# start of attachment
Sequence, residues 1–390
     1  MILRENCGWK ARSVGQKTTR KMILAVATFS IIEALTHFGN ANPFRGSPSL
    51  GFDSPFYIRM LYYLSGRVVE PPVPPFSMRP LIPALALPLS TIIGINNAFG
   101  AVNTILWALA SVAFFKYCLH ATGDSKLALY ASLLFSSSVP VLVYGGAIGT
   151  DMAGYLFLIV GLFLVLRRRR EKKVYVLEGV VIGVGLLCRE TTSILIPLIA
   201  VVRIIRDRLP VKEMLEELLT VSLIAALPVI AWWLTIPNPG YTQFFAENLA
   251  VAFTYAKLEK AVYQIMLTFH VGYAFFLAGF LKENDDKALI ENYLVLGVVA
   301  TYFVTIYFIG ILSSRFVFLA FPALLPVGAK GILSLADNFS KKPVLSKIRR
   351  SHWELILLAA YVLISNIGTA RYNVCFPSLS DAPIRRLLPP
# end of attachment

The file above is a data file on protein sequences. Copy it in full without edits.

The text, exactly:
Sequence, residues 1–390
     1  MILRENCGWK ARSVGQKTTR KMILAVATFS IIEALTHFGN ANPFRGSPSL
    51  GFDSPFYIRM LYYLSGRVVE PPVPPFSMRP LIPALALPLS TIIGINNAFG
   101  AVNTILWALA SVAFFKYCLH ATGDSKLALY ASLLFSSSVP VLVYGGAIGT
   151  DMAGYLFLIV GLFLVLRRRR EKKVYVLEGV VIGVGLLCRE TTSILIPLIA
   201  VVRIIRDRLP VKEMLEELLT VSLIAALPVI AWWLTIPNPG YTQFFAENLA
   251  VAFTYAKLEK AVYQIMLTFH VGYAFFLAGF LKENDDKALI ENYLVLGVVA
   301  TYFVTIYFIG ILSSRFVFLA FPALLPVGAK GILSLADNFS KKPVLSKIRR
   351  SHWELILLAA YVLISNIGTA RYNVCFPSLS DAPIRRLLPP